Friday, March 22, 2019

Magical Realism in Camus’ Black Orpheus and Zakes Mda’s Ways of Dying E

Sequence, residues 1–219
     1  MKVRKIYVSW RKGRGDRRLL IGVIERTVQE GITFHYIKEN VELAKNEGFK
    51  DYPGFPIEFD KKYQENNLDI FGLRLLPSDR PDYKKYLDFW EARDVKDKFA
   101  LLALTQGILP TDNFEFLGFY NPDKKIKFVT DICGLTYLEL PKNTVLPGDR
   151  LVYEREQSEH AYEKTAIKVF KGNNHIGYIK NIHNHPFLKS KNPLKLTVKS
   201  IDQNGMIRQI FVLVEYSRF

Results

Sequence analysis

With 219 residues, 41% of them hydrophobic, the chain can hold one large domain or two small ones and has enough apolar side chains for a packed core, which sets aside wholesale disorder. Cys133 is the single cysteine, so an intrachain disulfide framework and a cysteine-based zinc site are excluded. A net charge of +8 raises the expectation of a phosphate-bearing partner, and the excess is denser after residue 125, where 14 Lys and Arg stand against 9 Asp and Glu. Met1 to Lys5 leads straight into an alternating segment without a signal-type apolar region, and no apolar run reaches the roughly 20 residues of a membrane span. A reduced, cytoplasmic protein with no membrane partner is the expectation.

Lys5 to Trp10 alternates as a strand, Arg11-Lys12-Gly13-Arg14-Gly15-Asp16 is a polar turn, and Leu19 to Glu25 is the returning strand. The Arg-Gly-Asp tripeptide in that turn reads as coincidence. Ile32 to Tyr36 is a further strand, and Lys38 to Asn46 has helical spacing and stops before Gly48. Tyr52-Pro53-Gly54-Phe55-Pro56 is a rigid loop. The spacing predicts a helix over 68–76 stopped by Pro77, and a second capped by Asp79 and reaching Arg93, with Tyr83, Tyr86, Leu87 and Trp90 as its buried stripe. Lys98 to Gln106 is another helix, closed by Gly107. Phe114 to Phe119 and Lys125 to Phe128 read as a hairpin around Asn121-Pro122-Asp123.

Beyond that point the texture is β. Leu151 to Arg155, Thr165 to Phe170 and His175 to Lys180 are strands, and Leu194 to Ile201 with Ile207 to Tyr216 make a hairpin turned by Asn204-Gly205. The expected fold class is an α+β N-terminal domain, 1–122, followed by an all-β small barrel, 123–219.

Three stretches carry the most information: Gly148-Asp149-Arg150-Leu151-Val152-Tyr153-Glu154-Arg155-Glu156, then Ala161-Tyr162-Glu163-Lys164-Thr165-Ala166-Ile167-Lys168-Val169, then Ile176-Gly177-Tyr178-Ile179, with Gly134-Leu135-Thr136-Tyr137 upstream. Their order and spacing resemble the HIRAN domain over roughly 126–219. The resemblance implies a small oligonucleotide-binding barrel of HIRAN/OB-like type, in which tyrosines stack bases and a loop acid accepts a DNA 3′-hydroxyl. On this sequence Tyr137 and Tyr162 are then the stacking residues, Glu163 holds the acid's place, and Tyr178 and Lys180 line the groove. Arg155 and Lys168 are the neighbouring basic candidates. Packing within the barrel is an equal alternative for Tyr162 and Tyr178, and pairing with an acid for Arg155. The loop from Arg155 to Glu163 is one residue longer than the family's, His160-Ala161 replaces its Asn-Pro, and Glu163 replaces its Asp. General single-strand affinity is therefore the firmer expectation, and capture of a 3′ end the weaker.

Magical Realism in Camus Black Orpheus and Zakes Mdas ship canal of DyingMyth and reality have gone hand in hand in every culture since the beginnings of time because mixing the twain is an effective method of teaching values and morals the modern limit for this is sorcerous pragmatism. Because all cultures have mythical representations of behavior and death and come, the wizardly realism used in both Marcel Camus Black Orpheus and Zakes Mdas shipway of Dying is effective because, time it is specifically aimed towards either the Brazilian and southwest African cultures, it can be interpreted by both culture at all because of the universal themes it emphasizes. Mixing magical realism with realistic forms of expression allows a story to be rooted in and yet above humanity. This enables the reader to aspire to the precedents set by the characters while at the same time not feeling that they are exclusively out of reach. Dealing with cultural issues with magical realism adds a dreamlike quality to the violence, corruption, and poverty, making it more palatable than bald satinpod but at the same time adding a touch of familiarity through the common subjects of love, life, and death the three topics broached by Black Orpheus and Ways of Dying. These cultural themes are approached differently in each but both Camus and Mda address the cultural issues of Brazil and South Africa through the use of magical realism. Black Orpheus is multi cultural before the story even begins, as it is order by a cutman and set in Rio de Janeiro, Brazil this adds a authorized depth to the film that is accentuated greatly by the mix of culture, myth, and reality that is lay out within the movie itself. By mixing Greek myth, Brazilian custom, and numerous religions... ... again. Black Orpheus blends Greek and Brazilian culture with a dash of French direction in order to bring the cultural and economic problems of the Rio de Janeiro field hut towns to the global pop ulation. Marcel Camus allows people of all cultures to understand the anguish and love that Orpheus and Eurydice endure because these themes are completely universal and span the globe. Similarly, Zakes Mdas characters Noria and Toloki brush up a ray of hope through the miasma of violence that surrounds the South African culture. Mda mixes the man with the myth and uses the same universalness of life and death to change his characters into cultural icons rather than simple humans. Every cultures ship canal of dying are their ways of living, and the global themes of love and death and life will continue to invoke feelings of reverence for life, culture, and identity. (Mda, 98)

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